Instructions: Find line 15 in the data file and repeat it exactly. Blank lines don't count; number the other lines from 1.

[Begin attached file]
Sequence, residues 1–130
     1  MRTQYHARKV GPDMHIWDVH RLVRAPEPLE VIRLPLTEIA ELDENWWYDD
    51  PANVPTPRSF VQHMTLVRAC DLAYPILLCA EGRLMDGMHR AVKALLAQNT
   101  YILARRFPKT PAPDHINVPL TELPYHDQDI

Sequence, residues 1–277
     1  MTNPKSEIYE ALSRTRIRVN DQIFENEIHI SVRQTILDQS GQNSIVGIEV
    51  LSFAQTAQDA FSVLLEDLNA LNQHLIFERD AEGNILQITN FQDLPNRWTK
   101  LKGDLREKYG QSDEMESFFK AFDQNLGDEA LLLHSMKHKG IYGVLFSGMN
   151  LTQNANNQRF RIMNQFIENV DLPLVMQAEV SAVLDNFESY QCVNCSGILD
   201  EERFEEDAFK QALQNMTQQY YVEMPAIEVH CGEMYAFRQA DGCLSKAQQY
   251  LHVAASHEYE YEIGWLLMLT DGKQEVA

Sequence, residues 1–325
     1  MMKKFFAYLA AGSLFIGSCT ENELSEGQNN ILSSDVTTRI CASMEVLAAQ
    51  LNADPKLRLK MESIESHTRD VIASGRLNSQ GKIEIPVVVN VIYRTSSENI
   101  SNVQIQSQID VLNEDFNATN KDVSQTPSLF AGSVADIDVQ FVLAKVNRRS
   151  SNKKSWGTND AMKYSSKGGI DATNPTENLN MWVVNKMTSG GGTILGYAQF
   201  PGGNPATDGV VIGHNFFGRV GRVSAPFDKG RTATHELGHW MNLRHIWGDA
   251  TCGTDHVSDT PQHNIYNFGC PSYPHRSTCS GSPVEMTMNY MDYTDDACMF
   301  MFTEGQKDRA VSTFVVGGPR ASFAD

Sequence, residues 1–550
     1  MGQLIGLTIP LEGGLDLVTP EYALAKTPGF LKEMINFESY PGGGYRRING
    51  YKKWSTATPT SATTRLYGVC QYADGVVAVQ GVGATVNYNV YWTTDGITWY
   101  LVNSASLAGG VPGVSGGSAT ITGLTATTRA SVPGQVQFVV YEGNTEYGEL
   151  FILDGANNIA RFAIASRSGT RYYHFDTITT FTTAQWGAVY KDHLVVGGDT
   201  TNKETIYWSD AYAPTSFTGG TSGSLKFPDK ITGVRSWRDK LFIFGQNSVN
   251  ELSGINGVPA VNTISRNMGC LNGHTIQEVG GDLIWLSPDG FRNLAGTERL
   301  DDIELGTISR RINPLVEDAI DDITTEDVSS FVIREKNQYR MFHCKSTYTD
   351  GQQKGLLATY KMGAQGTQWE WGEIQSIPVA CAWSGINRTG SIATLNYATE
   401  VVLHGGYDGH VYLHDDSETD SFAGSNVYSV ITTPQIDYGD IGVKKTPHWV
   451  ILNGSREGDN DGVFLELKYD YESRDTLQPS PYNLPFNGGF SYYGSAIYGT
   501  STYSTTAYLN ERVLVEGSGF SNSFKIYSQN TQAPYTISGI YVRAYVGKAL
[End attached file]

   101  SNVQIQSQID VLNEDFNATN KDVSQTPSLF AGSVADIDVQ FVLAKVNRRS